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What is leakage current in semiconductor materials?

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icecream

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what is leakage?

Hi, can someone explain me, what is leakage current in semiconductor devices?
(i mean leakage current in bulk of material)
And also i need to know, if is the probability of leakage current induced by temperature.

Thanks!
 

Mindaugasu

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Re: What is leakage current?

I think the leakage current is the current going through isolator as they have some inductance, induced currents in blocks, frames. This is why equipment has to be grounded.
-----------------------------------------
www.scienceprog.com-Scientific, embedded, biomedical, electronics contents.
 

    icecream

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icecream

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Re: What is leakage current?

Mindaugasu said:
I think the leakage current is the current going through isolator as they have some inductance, induced currents in blocks, frames. This is why equipment has to be grounded.
i'm sorry about that. The problem i'm interested in, was badly specified. I've already rewrite the question.

but thanks for advice
 

zharaa

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leakage current is uncontrolled ("parasitic") current flowing across region(s) of semiconductor structure/device in which no current should be flowing; e.g. current flowing across the gate oxide in MOS structure.
 

    icecream

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electronics_kumar

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current flowing bcoz of minority carriers is called as leake current it is worst contribution of temperature
 

fiquran

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it is an important factor if your system has power consumption constraints. most importantly, portable devices has these requirements. any device that needs a battery actually. the leakage current needs to be lowered for the main processor ic that is used in such a portable system.
 

vicky

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HI DEAR,

In electronics, leakage is an undesired imperfection of some dielectric materials used in capacitors, also known as dielectric leakage. It is a result of the dielectric material not being a perfect insulator and therefore allowing a leakage current to flow, slowly discharging the capacitor.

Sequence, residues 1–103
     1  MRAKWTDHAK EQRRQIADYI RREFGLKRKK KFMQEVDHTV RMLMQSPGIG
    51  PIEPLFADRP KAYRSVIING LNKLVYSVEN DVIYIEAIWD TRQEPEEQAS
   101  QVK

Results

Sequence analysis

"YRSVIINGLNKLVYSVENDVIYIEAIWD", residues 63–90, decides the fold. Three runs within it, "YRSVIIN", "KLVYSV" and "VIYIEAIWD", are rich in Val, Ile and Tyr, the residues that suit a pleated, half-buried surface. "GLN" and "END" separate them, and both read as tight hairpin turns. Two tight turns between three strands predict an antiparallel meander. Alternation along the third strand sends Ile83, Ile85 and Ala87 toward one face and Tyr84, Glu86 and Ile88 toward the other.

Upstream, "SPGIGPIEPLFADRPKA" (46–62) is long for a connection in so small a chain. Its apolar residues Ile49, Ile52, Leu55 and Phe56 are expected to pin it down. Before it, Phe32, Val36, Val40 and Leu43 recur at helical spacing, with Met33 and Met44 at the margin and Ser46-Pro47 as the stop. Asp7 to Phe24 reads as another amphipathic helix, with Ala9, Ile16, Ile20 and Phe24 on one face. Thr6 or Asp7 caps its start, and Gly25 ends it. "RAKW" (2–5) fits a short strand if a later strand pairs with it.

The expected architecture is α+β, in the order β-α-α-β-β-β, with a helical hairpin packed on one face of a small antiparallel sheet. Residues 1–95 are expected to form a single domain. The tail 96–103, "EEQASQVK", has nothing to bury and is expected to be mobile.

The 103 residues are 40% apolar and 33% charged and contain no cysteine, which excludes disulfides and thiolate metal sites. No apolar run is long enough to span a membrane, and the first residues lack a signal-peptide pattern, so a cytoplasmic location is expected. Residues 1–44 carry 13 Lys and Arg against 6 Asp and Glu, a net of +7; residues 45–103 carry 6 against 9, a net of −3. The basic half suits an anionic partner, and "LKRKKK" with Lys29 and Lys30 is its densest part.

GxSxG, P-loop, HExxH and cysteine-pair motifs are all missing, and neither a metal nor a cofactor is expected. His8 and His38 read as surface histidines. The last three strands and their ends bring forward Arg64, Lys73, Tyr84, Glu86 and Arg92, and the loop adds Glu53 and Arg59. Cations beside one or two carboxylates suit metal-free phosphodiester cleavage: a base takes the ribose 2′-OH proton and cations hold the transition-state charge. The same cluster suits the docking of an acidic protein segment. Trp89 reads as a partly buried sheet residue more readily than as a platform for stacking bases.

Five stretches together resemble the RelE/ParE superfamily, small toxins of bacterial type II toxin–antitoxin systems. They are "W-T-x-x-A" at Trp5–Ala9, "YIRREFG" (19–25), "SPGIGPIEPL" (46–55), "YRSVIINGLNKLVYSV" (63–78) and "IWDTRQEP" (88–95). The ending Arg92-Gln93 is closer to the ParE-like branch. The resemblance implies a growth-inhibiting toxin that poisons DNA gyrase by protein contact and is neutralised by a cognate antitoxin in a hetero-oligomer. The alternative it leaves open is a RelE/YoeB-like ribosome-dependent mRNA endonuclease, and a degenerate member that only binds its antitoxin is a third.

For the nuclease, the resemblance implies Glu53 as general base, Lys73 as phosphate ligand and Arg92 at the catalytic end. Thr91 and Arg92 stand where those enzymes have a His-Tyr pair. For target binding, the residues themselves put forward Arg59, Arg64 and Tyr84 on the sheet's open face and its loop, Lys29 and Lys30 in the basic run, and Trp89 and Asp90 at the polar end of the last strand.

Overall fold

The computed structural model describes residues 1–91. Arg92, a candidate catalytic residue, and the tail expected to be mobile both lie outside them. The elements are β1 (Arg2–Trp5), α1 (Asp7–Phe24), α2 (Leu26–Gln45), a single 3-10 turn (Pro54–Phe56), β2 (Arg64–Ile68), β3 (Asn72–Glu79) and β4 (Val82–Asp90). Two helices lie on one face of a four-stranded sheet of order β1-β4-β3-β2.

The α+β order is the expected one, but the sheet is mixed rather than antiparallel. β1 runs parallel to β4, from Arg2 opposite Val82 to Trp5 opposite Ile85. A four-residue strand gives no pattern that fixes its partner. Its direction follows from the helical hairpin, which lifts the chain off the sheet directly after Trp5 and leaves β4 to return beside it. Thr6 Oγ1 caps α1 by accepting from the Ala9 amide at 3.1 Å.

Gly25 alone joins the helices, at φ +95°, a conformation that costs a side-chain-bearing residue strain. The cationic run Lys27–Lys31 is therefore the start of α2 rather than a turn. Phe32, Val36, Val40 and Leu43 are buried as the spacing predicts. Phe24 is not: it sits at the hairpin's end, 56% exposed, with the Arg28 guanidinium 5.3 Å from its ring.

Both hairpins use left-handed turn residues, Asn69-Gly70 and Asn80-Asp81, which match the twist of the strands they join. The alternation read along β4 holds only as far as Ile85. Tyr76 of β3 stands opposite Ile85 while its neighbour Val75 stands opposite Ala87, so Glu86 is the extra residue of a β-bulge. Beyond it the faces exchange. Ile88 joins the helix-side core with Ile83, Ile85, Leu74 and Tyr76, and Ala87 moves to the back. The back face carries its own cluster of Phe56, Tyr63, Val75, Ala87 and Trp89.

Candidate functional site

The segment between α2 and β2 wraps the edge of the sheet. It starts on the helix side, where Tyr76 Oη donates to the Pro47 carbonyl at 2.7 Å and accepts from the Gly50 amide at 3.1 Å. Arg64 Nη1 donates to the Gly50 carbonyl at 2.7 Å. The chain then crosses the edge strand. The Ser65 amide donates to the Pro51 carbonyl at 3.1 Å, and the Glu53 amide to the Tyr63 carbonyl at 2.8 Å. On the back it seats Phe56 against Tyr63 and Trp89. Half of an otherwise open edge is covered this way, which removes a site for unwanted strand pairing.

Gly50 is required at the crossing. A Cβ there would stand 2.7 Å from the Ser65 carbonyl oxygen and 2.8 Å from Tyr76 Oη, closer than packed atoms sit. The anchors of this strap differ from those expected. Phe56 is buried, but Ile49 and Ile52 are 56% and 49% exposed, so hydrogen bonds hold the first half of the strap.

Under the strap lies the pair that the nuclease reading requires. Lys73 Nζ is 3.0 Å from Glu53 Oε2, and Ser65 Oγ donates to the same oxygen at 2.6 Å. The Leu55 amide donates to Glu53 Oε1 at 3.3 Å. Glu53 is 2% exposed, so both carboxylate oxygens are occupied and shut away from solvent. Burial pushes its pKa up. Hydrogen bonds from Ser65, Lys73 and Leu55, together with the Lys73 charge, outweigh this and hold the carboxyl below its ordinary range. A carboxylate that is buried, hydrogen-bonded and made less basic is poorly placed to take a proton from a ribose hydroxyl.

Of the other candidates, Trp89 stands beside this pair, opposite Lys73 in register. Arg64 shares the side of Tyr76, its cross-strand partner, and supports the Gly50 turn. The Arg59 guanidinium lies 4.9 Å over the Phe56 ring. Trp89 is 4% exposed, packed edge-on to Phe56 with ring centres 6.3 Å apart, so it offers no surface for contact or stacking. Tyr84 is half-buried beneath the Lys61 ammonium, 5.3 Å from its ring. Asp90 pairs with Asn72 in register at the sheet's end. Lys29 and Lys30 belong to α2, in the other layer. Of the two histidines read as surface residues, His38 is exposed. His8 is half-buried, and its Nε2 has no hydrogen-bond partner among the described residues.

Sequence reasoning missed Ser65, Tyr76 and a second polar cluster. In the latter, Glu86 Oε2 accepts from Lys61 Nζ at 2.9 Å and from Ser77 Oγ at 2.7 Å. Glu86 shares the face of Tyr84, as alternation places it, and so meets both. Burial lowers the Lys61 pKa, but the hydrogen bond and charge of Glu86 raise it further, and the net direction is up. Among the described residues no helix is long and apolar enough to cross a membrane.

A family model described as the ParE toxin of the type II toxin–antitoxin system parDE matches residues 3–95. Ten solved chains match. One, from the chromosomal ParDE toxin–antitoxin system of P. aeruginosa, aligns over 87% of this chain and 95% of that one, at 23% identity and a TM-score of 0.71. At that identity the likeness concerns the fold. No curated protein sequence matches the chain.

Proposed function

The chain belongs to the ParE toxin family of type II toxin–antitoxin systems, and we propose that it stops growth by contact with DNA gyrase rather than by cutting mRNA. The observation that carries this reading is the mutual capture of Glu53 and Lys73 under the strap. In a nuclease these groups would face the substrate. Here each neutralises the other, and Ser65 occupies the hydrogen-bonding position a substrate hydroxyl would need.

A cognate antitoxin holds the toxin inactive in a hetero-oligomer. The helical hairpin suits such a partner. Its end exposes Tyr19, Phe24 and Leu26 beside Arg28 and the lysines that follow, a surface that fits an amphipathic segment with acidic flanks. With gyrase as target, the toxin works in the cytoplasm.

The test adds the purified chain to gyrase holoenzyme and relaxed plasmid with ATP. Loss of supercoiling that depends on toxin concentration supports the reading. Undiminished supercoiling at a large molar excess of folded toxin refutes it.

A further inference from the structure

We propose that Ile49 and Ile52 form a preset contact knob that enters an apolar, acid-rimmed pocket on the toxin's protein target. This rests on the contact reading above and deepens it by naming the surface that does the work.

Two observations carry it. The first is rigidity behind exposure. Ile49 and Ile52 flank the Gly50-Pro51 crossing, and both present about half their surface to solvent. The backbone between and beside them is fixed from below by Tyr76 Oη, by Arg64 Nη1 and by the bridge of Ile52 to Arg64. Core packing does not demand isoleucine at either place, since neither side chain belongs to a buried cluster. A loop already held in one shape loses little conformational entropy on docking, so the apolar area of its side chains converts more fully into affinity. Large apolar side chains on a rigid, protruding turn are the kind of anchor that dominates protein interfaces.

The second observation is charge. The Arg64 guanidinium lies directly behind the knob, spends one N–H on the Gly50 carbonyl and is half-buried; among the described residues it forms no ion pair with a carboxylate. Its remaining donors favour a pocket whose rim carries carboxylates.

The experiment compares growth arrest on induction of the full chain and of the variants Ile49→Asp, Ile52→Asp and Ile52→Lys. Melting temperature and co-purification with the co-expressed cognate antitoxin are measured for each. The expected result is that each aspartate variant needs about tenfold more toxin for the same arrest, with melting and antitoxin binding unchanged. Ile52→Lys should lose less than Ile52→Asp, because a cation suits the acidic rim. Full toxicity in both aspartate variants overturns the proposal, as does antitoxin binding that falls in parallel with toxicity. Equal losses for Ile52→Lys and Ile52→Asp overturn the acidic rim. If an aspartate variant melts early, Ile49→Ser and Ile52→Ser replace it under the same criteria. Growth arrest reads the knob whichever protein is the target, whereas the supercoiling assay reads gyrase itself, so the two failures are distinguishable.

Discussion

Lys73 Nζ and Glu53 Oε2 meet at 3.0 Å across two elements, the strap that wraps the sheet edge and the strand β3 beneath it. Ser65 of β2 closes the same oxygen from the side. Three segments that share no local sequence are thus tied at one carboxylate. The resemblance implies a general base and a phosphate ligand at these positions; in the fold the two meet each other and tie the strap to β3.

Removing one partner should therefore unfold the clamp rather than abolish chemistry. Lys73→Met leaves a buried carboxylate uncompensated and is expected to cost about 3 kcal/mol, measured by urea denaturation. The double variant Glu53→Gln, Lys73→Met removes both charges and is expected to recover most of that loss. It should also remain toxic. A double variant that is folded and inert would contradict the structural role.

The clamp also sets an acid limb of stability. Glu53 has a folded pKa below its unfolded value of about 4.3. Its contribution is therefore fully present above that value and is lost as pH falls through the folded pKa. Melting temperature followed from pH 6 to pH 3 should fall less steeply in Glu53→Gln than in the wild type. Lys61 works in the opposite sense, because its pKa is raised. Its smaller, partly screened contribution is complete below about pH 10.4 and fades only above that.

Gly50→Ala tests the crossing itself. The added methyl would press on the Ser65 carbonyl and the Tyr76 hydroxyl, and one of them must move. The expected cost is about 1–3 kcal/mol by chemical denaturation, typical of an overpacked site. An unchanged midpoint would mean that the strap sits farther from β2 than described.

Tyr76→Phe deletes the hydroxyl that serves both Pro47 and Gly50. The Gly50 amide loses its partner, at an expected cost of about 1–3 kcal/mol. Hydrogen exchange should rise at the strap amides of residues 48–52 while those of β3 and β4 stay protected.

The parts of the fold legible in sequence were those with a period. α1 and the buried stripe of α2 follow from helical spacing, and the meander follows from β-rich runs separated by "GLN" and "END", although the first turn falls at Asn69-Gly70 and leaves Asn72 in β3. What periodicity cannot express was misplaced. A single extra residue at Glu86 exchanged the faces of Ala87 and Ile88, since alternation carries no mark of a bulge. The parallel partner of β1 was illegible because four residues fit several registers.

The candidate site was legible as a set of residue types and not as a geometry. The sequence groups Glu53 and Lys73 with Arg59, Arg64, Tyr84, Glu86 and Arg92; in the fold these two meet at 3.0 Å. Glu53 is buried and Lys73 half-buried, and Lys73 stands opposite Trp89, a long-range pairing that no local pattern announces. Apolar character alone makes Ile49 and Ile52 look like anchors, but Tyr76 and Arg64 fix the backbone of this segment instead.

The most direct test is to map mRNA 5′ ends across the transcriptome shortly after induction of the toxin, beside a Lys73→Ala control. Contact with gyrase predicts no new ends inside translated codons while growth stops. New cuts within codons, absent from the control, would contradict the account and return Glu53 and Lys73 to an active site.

In semiconductor devices, leakage is a quantum phenomenon where mobile charge carriers (electrons or holes) tunnel through an insulating region. Leakage increases exponentially as the thickness of the insulating region decreases. Tunneling leakage can also occur across semiconductor junctions between heavily doped P-type and N-type semicondutors. Other than tunneling via the gate insulator or junctions, carriers can also leak between source and drain terminals of a Metal Oxide Semiconductor (MOS) transistor. This is called sub-threshold leakage. The primary source of leakage occurs inside transistors, but electrons can also leak between interconnects. Leakage increases power consumption and if sufficiently large can cause complete circuit failure.

Leakage is currently one of the main factors limiting increased computer processor performance. Efforts to minimize leakage include the use of strained silicon, high-k dielectrics, and/or stronger dopant levels in the semiconductor. Leakage reduction to continue Moore's law will not only require new material solutions but also proper system design.
 

    icecream

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icecream

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Is the technology based on GaAs better than on Si in the case of leakage current?
 

PaulHolland

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Hi,

Think Si is better than GaAs since the Si process and models are much better understood than any other semiconductor technology/material.

So Si I would say.

regards,

Paul.
 

    icecream

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icecream

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And what do you think about that:

File> Recent advances in GaAs devices for use at high temperatures


There is written, that GaAs technology is more reliable than Si ...but not yet, cause technological limitations (e.g. problems with ohmic contacts ...).

I thought, that because of lower leakage currents is GaAs better.
 

rock_win

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No ,i think GaAs is better compared to Si with regard to leakage current, because in microwave devices, this current cause a lot of noise and just by switching from Si to GaAs you can get a benifit of more than 6db
 

    icecream

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icecream

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Recently i find out, that surface conductivity of thermally activated GaAs substrate increases in five orders of magnitude (in comparison of conductivity at ~23°C and 350°C). Thats the problem i have looking for. (maybe)

I have thin film resistor on the surface of GaAs. There is diffusion barrier of TiN between GaAs and thin film resistor. But at the temperatures over about 250°C the resistance rapidly decreases.

what's your opinion?
 

electronics_kumar

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Santoshalagawadi said:
Leakage increases exponentially as the thickness of the insulating region decreases. Tunneling leakage can also occur across semiconductor junctions between heavily doped P-type and N-type semicondutors.

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then as per your post, tunnel diode should have unwanted high leakage current..am i right...
 

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